"The sublime and the ridiculous are often so nearly related that it is difficult to class them separately. One step above the sublime makes the ridiculous and one step above the ridiculous makes the sublime again."
-Thomas Paine, The Age of Reason:
Part II. c1795
I stumbled across the DPAG’s latest art exhibition, Ridiculous Sublime, purely by accident on a rainy and miserable morning the other week. Stepping into the gallery after walking through the grey drizzle outside made me suddenly feel like Dorothy waking up in Oz; the works of Ridiculous Sublime are simultaneously kitsch and stylish, artistic and absurd, hilarious and thought-provoking.
This unique exhibition showcases the work of four Dunedin artists: Nick Austin, Jane Dodd, Scott Eady, and Rachel H. Allan. Surprising and original, the artists’ differing styles and mediums somehow come together to clash in the most harmonious way. In the centre of the space, for example, enormous marrows on bar stools pour fountains of water into plastic, clam-shaped paddling pools, filling the gallery with the sound of cascading water. Titled Sons of a clouded sky, this work reflects Eady’s interest in the elevation of private, domestic objects into more grand, monumental settings.
Austin similarly abstracts objects from their familiar realms, such as in “Milk Bottle Abstract #1”, where the outline of a plastic milk bottle hides amidst cow print camouflage. In “Negative Production”, we are presented with cardboard boxes but no indication of their contents, although Austin has suggested that what’s inside them are the paintings themselves. Viewers are encouraged to ‘solve’ his works like puzzles, interacting uniquely and thinking about possibilities in new ways.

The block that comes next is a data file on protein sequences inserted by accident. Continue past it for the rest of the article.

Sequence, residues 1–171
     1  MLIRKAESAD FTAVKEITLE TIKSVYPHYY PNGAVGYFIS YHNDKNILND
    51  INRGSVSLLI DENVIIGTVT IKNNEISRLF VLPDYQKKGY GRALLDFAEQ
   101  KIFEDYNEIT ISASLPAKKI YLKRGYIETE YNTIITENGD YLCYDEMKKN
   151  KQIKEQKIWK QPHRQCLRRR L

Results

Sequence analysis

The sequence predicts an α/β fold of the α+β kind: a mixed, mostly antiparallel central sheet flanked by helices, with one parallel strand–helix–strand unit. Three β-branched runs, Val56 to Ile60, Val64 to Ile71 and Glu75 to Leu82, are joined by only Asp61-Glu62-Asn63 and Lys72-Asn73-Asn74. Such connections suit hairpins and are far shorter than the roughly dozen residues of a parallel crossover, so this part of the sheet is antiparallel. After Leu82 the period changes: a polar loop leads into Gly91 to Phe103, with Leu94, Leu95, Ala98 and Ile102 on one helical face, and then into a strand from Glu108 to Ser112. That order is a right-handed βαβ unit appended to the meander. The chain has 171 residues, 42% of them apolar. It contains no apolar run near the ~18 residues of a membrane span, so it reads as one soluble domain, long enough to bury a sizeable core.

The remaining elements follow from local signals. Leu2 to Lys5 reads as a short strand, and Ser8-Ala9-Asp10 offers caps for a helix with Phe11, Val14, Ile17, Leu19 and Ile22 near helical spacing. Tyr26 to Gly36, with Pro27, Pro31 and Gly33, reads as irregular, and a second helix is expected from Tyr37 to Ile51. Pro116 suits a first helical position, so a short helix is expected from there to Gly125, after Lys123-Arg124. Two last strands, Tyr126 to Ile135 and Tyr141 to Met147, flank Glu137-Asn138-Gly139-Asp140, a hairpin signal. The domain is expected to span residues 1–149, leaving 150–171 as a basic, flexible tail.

Dodd’s fantastic jewellery-centred art works were a stand out for me, interweaving unique, animal-related forms and outstanding technical skill. Part jewellery boutique, part natural world, her section of the gallery space felt like stepping into something of a modern antique store, riddled with mice, bears, wolves, and mirrors.
The photography of Allan rounds off the exhibition beautifully, demonstrating her interest in concepts of curiosity, reality, mimicry and restraint. Her works create a shadowy, lonesome world in which polar bears gaze into the distance and old women sit in the shadows of monumental, nude statues. Haunting, this series imbues the exhibition with a sense of poignancy to prevent the bubbly absurdity from taking over completely.
Ridiculous Sublime somehow works. Despite contents which are haphazard and kaleidoscopic at best, something strings these four artists together neatly and succinctly. This exhibition left me feeling wacky, wonderful, and slightly nonplussed.